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Wrong entry

to skive off / to skive off work - sich verdrücken / krank feiern

10 replies   
Correction

skive off / to skive off work

[Brit.] [coll.] -

sich verdrücken / krank feiern


Examples/ definitions with source references
Dictionary: skive

skive listed in the OALD as “British English, Informal”
http://oald8.oxfordlearnersdictionaries.com/d...

Here is the listing from the CALD:
http://dictionary.cambridge.org/us/dictionary...
skive verb (also skive off) UK informal WORKPLACE

Definition: to do something else when you should be working:
We realized that we could skive without the management noticing.
He was always skiving off and going to the cinema.

Also listed are derivations, like skiver and skiving.

For an example of poor lexicography, compare merriam-webster.com, which give example sentences that clearly illustrate a definition other than the one listed.
http://www.merriam-webster.com/dictionary/ski...

Definition of SKIVE: to cut off (as leather or rubber) in thin layers or pieces : pare
Examples of SKIVE
He works for his mother and feels he can skive off whenever he feels like it.
She skived off school twice last month.

The entry in AHD only gives the meaning of paring: http://education.yahoo.com/reference/dictiona...

TRANSITIVE VERB: skived, skiv·ing, skives
To cut thin layers off (leather or rubber, for example); pare.

Comment
Below are some discussions in LEO that support the BE tag.

See related discussion: Was heißt Schule schwänzen? , where AE speakers suggest other options; skive off is given as a BE alternative in #5.

Here’s another thread, where skive comes up as a BE option and not AE: related discussion: schwänzen

And here, wpr (AE) says he’s never heard of skiver: related discussion: Drückeberger
AuthorAmy-MiMi (236989) 15 Aug 13, 17:24
Comment
So what are Fred and George's "Skiving Snackboxes" called in the US version of the Harry Potter series? ;o))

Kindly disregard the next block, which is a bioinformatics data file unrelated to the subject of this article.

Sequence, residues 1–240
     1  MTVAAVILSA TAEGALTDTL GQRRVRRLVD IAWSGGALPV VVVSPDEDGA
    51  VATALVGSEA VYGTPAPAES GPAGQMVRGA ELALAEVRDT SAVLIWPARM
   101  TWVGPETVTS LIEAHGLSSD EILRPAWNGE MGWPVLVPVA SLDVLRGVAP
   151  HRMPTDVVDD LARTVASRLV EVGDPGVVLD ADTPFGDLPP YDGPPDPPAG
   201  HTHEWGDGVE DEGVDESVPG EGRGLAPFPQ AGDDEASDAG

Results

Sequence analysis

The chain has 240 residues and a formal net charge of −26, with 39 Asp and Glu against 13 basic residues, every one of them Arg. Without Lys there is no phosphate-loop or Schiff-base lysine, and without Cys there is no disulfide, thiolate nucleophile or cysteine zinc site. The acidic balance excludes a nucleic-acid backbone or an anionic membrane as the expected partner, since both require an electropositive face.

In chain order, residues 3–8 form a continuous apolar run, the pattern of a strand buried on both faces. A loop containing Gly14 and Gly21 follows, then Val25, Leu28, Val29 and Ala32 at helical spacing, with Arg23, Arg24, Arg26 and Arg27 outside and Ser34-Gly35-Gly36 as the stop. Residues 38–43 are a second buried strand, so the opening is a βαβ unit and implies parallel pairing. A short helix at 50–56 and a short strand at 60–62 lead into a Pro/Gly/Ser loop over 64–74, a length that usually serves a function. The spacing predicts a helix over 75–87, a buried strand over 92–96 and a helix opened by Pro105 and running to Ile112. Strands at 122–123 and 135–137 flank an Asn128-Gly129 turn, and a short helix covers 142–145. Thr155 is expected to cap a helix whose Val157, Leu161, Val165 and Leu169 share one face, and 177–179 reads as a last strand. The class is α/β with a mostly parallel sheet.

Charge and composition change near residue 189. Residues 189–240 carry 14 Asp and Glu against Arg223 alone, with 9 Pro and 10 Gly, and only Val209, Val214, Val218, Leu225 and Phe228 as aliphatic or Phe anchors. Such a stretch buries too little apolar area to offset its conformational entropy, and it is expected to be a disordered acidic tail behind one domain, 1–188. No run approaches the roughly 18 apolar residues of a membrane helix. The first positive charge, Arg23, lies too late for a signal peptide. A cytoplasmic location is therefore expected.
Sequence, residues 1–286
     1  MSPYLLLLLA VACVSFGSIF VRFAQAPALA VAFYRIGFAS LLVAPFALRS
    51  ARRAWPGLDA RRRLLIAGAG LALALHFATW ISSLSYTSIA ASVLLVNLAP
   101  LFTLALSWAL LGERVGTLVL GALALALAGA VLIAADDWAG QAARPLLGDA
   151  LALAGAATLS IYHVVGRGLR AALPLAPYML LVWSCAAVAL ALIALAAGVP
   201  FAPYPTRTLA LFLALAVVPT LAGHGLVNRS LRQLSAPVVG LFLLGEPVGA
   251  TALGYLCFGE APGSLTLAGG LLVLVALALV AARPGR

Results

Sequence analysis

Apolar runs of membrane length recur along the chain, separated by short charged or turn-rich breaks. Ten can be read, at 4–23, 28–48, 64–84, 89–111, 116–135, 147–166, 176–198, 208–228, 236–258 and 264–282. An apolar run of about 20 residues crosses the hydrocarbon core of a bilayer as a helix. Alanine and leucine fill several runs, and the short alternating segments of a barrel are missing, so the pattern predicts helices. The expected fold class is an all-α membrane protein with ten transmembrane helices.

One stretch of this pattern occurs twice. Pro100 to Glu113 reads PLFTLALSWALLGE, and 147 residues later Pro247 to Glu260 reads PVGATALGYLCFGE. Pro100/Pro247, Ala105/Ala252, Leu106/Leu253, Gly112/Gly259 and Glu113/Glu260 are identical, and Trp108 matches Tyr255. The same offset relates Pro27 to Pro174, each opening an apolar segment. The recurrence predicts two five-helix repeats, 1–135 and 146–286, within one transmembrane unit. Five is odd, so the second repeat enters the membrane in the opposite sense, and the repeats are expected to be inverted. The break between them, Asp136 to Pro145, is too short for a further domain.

#1AuthorDragon (238202) 15 Aug 13, 17:38
Comment
1) krankfeiern = to stay away from work
2) sich verdrücken = to leave somewhere early without permission

sind zwei verschiedene Begriffe und müssen daher auch getrennt diskutiert und eingetragen werden.

#2AuthorRodos (930149) 15 Aug 13, 18:24
Comment
A LEO-search on "skive" currently returns the following: Dictionary: skive

My wrong entry has to do with the fact that items #3 and #6 are not currently tagged as BE and I (and the OALD, CALD and AHD) assert that they should be.
#3AuthorAmy-MiMi (236989) 15 Aug 13, 18:32
Comment
When we are asking Doris to change the existing entry by adding a tag, it would be expedient to include any other necessary change in the process. So, let's check the meanings, too.

Does "to skive off" have the meaning of leaving early without permission (sich (vorzeitig) verdrücken, sich abseilen)? For instance: He went to the lecture, but skived off.

#4AuthorRodos (930149) 15 Aug 13, 18:49
Comment
So, let's check the meanings, too.

Yes, let's. That's why I linked to and cited definitions in the OP.

From the OALD definition linked above:

to avoid work or school by staying away or leaving early
SYNONYM bunk off
‘Where's Tom?’ ‘Skiving as usual.’
skive off She always skives off early on Fridays.

From the CALD entry included in the OP:

Definition: To do something else when you should be working.
Example: He was always skiving off and going to the cinema.

Please feel free to cite additional sources if you think there is something else incorrect about the LEO entry besides the missing BE tags.